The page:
I never remember what we have in the fridge. We’ll make a pot roast for Sunday dinner, and store several servings of leftovers. But once they’re in Tupperware and tucked out of sight, they’re as good as gone to me. A month later, I’ll find a container filled with rancid beef. Wasting leftovers increases food costs, so I’ve been struggling to find a method to aid my memory.
Tonight I had an inspiration — I will create a leftovers list and to post it on the fridge. Each line of the list will contain:
- the date,
- the name of the dish, and
- the approximate number of servings.
This tip should significantly reduce the amount of food spoilage in our house. Not only will I save money, but I will also eat better — I’ll eat more home-cooked food and less pre-packaged stuff.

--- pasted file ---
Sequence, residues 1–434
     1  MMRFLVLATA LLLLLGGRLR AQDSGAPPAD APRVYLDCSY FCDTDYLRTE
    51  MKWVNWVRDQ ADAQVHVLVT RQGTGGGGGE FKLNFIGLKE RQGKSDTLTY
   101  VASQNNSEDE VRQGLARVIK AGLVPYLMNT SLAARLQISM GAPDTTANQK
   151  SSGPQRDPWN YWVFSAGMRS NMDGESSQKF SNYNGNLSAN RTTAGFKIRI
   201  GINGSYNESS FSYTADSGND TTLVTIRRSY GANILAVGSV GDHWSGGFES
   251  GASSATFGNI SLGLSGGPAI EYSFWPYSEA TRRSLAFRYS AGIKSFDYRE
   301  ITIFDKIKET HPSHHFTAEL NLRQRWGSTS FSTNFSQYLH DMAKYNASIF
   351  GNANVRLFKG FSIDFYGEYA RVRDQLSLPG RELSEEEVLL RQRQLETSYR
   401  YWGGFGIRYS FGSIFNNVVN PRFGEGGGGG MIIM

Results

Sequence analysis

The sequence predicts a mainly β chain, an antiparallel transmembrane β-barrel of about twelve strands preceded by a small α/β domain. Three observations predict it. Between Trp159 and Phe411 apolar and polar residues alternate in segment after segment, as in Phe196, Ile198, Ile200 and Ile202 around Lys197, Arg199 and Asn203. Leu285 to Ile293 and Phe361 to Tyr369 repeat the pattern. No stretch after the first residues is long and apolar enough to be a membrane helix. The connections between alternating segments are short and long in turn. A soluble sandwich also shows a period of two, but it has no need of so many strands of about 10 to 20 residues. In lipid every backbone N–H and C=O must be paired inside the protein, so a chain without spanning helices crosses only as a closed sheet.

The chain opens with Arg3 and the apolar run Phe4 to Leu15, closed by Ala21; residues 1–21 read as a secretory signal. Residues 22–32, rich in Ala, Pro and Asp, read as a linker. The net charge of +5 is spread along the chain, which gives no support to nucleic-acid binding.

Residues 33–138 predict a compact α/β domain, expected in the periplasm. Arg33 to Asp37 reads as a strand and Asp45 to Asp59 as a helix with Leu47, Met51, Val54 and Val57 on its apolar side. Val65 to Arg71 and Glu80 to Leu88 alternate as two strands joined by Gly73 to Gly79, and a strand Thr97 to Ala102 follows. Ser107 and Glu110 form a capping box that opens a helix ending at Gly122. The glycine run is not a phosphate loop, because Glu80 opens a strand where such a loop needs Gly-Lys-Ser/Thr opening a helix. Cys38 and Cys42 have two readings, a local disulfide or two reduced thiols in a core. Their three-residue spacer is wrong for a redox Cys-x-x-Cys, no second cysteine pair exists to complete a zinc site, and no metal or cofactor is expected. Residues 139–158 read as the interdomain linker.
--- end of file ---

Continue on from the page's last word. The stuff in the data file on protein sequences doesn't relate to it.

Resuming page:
The leftovers list will be useful for more than just food we make ourselves. Kris sometimes forgets that she’s brought food home from a restaurant. I’m terrible at remembering yogurt (tucked in the cheese drawer) and carrots (stored in the vegetable crisper). And when did we buy that loaf of fresh bread from the bakery, anyhow? Now we’ll know.
For most of you, this is probably an unnecessary step. But if you too have a problem with food spoilage, this tip could save you time and money.
GRS is committed to helping our readers save and achieve their financial goals. Savings interest rates may be low, but that is all the more reason to shop for the best rate. Find the highest savings interest rates and CD rates from Synchrony Bank, Ally Bank, GE Capital Bank, and more.